The suspension of Nigeria’s central bank governor, Lamido Sanusi, has led to increased market volatility within the country (Figure 1 and Table 1). Bloomberg reported on Friday that the Nigerian naira slumped to its lowest level since 1999 after reaching 168.9 per dollar on Wednesday. That day, trading in the domestic bond market was halted, and the benchmark stock index fell to its weakest level in three months. However, eurobond yields were little changed at 6.32 percent after jumping the most on record by 12 basis points. The current event is reminiscent of the financial turmoil in Indonesia in 2010: In that case, the local stock exchange fell 3.8 percent (the sharpest in 17 months), and the rupiah lost 1 percent against the dollar following the resignation of Finance Minister Sri Mulyani.
Mr. Sanusi’s sacking has come after he submitted to the Senate a report detailing the failure of the Nigerian National Petroleum Corporation (NNCP) to transfer $20 billion to the government. Although the NNPC dismissed the governor’s claims, there has been increased criticism of President Goodluck Jonathan’s resolve to fight corruption. The former governor was a darling of foreign investors who liked his solid track record fighting inflation and safeguarding financial stability. It is therefore no surprise that market participants are being unnerved by his dismissal. Furthermore, market participants are questioning the independence of the central bank, now that its governor has been dismissed by politicians.
The timing of Governor Sanusi’s sacking could not be worse, as Nigeria was already battling the spillover effects of the tapering of the United States Federal Reserve. The central bank is now facing additional pressure on its currency. So far, central bank intervention has helped slow the fall of the naira, but that has been at the cost of losing foreign currency reserves. It is therefore not surprising that Finance Minister Okonjo-Iweala has made statements to reassure the markets, and the president quickly announced a replacement to Governor Sanusi.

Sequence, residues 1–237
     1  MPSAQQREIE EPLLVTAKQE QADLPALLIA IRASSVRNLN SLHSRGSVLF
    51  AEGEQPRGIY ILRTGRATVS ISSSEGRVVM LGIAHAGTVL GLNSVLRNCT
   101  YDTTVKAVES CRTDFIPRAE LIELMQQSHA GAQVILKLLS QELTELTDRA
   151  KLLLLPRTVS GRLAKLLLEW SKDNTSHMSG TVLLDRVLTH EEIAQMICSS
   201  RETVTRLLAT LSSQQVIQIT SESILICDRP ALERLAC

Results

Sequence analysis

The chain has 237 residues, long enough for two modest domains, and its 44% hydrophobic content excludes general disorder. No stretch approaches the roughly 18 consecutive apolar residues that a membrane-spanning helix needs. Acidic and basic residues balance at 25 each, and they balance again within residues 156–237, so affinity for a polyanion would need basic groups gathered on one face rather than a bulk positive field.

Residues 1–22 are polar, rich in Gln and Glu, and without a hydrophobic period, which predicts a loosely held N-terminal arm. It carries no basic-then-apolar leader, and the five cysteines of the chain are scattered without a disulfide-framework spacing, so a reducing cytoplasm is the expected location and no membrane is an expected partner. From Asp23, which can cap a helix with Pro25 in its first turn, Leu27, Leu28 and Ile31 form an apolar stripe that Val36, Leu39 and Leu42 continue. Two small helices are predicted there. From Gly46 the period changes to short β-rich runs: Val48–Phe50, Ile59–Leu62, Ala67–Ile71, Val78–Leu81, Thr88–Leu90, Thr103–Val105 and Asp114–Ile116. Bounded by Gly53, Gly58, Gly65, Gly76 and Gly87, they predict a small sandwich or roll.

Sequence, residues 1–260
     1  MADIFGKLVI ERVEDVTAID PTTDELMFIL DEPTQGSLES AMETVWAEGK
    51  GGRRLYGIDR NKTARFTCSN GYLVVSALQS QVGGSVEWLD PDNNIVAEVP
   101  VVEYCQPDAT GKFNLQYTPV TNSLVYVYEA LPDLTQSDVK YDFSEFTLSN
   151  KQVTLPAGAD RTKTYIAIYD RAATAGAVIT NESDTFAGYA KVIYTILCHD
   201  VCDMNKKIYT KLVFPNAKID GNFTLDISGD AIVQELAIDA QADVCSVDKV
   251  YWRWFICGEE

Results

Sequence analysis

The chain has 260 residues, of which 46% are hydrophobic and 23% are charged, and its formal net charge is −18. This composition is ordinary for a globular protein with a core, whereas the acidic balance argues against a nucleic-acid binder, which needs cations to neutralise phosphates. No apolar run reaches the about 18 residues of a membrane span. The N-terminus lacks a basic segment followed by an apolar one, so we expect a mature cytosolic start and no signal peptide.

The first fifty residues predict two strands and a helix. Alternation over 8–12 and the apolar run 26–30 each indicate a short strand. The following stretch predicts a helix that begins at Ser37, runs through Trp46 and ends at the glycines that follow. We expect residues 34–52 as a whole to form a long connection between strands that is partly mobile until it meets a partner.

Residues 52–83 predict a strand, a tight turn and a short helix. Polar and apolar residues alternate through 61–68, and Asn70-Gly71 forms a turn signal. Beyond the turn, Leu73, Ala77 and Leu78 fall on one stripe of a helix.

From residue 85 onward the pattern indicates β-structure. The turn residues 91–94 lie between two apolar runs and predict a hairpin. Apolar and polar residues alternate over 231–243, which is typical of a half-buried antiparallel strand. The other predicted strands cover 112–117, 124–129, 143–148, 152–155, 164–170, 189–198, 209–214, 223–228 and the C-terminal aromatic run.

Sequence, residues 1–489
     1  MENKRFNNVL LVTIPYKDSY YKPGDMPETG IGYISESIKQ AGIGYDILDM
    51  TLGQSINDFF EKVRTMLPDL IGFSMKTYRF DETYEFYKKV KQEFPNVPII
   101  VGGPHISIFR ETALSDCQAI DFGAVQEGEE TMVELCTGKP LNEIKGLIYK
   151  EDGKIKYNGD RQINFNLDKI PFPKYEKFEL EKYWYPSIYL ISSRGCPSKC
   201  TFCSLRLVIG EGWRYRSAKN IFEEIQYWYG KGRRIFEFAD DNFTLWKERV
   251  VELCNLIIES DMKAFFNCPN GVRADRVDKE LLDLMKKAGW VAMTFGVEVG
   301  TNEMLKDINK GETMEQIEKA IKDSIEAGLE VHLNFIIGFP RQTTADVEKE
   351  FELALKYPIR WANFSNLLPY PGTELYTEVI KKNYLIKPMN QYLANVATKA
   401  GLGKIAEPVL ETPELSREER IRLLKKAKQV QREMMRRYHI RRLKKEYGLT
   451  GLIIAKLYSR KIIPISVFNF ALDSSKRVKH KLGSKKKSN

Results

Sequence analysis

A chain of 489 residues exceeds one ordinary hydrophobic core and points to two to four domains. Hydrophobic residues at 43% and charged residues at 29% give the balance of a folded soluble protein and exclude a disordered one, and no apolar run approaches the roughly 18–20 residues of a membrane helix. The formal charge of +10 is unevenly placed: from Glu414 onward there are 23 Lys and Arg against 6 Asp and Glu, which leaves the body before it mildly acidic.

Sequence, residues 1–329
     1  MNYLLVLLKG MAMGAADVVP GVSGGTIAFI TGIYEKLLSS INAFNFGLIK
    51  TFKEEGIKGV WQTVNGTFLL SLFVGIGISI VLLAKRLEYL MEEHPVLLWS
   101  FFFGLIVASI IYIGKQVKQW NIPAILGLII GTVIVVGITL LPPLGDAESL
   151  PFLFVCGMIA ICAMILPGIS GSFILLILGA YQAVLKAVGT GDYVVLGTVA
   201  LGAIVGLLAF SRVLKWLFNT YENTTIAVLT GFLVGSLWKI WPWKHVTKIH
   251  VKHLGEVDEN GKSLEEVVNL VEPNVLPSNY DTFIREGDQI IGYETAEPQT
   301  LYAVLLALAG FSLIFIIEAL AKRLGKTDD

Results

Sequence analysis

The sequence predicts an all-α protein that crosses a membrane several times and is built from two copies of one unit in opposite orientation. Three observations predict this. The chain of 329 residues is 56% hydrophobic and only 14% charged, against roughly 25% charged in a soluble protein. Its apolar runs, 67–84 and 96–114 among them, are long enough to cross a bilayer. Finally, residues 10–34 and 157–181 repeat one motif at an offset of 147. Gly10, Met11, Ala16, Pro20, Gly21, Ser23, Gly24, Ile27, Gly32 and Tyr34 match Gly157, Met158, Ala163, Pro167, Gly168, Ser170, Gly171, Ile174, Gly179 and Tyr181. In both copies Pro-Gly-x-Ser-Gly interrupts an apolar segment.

Late last year, the International Monetary Fund warned that, although Nigeria’s outlook is positive with growth projected to increase to about 7 percent in 2014, the country could be affected by a number of risks. IMF economists identified potential shocks such as a decline in oil prices, the pace of recovery in global economic and financial conditions, capital outflows, continued losses in oil production, and increased security concerns. It also cautioned against the temptation of procyclical election spending (elections are scheduled to take place next year). The IMF statement now appears to be prescient.
Whether the extent of the market effect of the dismissal will be short- or long-lived is not clear. But what is clear is that it does not augur well for Nigeria. In the end, what really matters will be how strong Nigeria’s fundamentals will be. The country relies heavily on oil exports (70 percent of government revenues) and is riding on current high oil prices. But the Nigerian government should realize that a central bank not subordinated to political demands is a key tool in establishing strong economic fundamentals. An independent central bank can help fight inflation effectively, ensure predictability, anchor investors’ expectations, and, in bad times, resist printing money to fund the budget. Moreover, if Nigeria is to play a leading role in fostering regional economic integration, it has to continue leading the way in building an effective monetary institution.